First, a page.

Tru, the one-man show about the life of the late Truman Capote, will return to New York in the fall in a new production Off-Broadway.
Written by Jay Presson Allen, Tru is set in 1975 at Christmas time and finds the author at a particularly low moment in his life. Esquire magazine has just published a gossipy excerpt from his roman à clef, "Answered Prayers," which has precipitated his social ostracism.
Robert Morse, the Tony-winning How to Succeed star, earned his second Tony Award for his portrayal of Capote in the original Broadway production, which opened in December 1989. About his performance former New York Times critic Frank Rich wrote, "Mr. Morse so eerily simulates the public Capote of the pathetic waning years that he could be a Capote robot, an Audio Animatronic figure in a macabre theme park, Xenonland perhaps, envisioned by Andy Warhol."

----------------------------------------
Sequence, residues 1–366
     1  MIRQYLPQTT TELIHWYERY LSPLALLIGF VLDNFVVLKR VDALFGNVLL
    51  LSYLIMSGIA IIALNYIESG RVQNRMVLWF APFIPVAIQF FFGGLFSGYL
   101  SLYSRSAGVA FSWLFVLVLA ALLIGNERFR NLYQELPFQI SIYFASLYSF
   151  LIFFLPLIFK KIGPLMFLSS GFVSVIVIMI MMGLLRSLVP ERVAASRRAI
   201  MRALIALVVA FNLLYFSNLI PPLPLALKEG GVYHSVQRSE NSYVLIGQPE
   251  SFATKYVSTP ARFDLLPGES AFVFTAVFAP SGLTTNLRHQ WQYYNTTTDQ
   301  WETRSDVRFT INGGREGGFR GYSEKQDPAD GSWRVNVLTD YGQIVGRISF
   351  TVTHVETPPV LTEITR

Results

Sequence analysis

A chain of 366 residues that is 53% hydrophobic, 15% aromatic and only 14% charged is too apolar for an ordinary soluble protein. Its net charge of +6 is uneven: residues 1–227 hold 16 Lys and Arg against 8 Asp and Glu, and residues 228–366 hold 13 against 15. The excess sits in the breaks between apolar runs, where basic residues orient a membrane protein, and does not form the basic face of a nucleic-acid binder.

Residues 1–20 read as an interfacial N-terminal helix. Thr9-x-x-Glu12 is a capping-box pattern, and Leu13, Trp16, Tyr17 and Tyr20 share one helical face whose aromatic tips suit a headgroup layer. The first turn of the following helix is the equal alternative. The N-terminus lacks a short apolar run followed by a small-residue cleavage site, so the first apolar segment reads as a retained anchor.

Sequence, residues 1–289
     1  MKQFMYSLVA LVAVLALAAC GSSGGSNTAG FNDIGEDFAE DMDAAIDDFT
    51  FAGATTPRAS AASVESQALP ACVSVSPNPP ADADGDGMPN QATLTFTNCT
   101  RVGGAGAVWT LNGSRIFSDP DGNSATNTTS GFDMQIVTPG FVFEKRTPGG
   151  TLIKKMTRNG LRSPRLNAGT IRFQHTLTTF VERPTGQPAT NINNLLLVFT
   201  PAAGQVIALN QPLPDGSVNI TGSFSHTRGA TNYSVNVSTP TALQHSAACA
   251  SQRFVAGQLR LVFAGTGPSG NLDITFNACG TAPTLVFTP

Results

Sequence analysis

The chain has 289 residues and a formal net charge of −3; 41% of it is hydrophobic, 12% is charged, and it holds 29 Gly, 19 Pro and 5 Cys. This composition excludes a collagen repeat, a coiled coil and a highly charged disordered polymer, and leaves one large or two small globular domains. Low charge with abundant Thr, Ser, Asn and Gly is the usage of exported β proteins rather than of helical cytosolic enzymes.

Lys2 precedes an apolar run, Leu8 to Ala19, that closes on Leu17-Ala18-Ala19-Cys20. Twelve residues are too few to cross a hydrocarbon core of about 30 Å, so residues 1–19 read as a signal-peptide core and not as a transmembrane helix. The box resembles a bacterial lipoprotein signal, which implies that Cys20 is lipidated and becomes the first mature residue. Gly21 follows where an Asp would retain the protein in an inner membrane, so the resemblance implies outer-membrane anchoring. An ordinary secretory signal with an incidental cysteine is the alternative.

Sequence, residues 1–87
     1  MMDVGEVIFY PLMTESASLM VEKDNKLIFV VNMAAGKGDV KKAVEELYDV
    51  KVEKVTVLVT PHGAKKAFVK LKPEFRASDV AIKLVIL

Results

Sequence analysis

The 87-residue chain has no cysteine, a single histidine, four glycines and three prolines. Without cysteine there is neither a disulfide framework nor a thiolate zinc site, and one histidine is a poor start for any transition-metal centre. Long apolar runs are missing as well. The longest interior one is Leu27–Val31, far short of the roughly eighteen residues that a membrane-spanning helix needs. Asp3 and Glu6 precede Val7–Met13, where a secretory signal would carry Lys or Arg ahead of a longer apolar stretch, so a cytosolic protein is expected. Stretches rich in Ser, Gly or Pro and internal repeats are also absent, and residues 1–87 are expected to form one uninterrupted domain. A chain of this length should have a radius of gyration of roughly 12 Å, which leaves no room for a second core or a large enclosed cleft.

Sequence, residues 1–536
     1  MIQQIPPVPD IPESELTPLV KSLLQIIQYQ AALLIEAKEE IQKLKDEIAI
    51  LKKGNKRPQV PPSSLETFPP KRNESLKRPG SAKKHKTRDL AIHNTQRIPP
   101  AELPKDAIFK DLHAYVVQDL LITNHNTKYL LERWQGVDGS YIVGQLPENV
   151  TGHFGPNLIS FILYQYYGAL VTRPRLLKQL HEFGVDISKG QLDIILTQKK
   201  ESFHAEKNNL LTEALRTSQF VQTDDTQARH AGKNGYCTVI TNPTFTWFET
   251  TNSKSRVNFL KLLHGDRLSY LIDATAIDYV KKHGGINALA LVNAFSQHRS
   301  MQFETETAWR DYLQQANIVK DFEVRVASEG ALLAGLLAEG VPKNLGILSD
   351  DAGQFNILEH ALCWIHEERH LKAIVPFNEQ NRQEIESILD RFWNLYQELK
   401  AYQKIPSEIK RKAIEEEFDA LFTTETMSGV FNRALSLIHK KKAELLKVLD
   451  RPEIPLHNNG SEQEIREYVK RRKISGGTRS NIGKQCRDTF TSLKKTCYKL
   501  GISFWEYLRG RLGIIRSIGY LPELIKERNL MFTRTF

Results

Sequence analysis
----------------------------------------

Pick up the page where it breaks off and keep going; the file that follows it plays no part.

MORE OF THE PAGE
The new production will be produced by the playwright's husband, Lewis Allen, and Jay Presson Allen will direct as she did for Broadway. The actor who will portray Capote this time around is an unknown thespian from Wichita, KA, named Tom Frye. Lewis Allen recently explained the genesis of this production to Variety: "Last year, this fellow from Wichita, Kan., sent us a videotape of his performance in the play. We liked it so much that Jay directed him in another production there, at the Scottish Rites Theater. He was wonderful. We talked about doing a tour, then decided to put it on here in New York first. A couple of companies want to book a tour."
Born Truman Streckfus Persons in 1924, Truman Capote was a novelist, journalist and a celebrated man-about-town. His many writings included "Other Voices, Other Rooms," "A Tree of Night" and "The Grass Harp," which was mounted as a play in 1952. His novella "Breakfast at Tiffany's" became an award-winning film starring Audrey Hepburn, and two of his short stories, "A Christmas Memory" and "The Thanksgiving Visitor," were later adapted for television. Another Capote success was his novel "In Cold Blood," which received the Hollywood treatment in 1967. Capote died in August 1984. —By Andrew Gans